America’s decades-long effort to halt North Korea’s nuclear program has failed and the U.S. needs a new approach if it wants to see real change in Pyongyang, a leading human-rights activist and foreign policy scholar said Tuesday.
Katrina Lantos Swett, co-chair of the Committee for Human Rights in North Korea and former Democratic congressional candidate argued that Washington’s often-singular focus on Pyongyang’s nuclear ambitions has produced few tangible results.
North Korea has only poured more money into its nuclear weapons and ballistic missile arsenals while its people suffer some of the world’s worst living conditions, said Mrs. Lantos Swett, who asserted that empowering the North Korean people could help lay the groundwork for a popular uprising.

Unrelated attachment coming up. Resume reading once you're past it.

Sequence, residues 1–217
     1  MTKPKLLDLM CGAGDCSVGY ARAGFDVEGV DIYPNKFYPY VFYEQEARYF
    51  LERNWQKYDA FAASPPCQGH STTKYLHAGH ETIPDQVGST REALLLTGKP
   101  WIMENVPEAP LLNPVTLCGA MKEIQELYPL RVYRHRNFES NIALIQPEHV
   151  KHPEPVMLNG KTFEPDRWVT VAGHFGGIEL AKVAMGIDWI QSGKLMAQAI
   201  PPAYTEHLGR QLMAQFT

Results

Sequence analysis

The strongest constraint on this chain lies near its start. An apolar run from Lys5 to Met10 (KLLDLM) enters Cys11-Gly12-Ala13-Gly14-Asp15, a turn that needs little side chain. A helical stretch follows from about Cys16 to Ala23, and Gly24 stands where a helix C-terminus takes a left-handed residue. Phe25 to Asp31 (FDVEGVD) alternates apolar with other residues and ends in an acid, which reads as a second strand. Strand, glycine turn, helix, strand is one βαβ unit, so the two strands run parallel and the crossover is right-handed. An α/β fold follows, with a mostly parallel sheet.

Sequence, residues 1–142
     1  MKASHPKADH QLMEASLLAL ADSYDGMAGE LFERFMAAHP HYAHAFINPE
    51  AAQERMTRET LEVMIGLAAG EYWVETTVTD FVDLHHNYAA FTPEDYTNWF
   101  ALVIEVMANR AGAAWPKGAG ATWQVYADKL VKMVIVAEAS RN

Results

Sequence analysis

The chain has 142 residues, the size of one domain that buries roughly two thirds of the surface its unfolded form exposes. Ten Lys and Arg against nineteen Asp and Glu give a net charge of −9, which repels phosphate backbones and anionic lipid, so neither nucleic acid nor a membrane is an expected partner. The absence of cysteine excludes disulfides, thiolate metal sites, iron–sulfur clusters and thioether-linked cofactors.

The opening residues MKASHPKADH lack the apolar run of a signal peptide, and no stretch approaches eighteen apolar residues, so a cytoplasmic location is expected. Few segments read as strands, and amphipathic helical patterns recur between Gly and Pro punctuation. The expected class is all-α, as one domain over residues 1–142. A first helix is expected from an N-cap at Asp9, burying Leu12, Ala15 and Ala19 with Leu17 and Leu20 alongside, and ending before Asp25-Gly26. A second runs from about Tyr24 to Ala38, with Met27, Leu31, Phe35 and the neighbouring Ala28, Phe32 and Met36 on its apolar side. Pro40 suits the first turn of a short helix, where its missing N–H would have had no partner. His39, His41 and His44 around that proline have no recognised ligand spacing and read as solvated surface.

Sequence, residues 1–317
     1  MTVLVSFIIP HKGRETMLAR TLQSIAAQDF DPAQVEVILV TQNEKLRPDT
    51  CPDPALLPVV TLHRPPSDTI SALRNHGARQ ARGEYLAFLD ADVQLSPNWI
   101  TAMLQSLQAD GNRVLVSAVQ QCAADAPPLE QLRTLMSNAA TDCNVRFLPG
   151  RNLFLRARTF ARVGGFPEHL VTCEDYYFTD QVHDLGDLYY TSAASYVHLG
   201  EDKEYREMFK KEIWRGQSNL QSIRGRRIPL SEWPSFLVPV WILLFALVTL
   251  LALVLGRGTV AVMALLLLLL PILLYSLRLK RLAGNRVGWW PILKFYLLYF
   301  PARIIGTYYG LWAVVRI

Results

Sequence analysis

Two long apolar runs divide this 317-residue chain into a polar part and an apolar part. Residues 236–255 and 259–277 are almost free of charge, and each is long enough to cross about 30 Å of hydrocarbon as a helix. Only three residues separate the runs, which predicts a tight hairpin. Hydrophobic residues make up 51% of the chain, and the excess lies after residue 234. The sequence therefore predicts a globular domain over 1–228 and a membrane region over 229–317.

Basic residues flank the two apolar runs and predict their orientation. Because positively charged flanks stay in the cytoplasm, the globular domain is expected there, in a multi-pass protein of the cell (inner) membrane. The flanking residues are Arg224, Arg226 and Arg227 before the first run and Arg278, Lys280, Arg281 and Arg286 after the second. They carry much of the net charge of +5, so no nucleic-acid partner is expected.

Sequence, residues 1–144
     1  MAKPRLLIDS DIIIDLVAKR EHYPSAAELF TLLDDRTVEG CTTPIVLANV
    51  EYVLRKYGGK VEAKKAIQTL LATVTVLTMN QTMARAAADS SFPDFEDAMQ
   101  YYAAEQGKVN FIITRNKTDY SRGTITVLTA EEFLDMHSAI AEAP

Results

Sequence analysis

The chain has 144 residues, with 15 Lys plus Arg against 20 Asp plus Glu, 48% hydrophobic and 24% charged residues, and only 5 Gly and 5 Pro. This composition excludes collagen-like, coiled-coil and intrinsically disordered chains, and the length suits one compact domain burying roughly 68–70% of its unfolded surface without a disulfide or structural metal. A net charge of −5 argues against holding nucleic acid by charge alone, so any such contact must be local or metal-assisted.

“We cannot ignore the terrifying threat that a nuclear North Korea poses to the world. That is something that we cannot afford to take lightly. But at the same time, we have to face the hard reality…We have abjectly failed to stop the North Korean nuclear program,” she said during an appearance Tuesday on the “Washington Brief,” a monthly virtual forum hosted by The Washington Times Foundation.
“We, I believe, have got to recognize that the way in which one changes regimes [such as North Korea] is by empowering the people in that country to basically destabilize their own authoritarian machine to the point where it collapses,” said Mrs.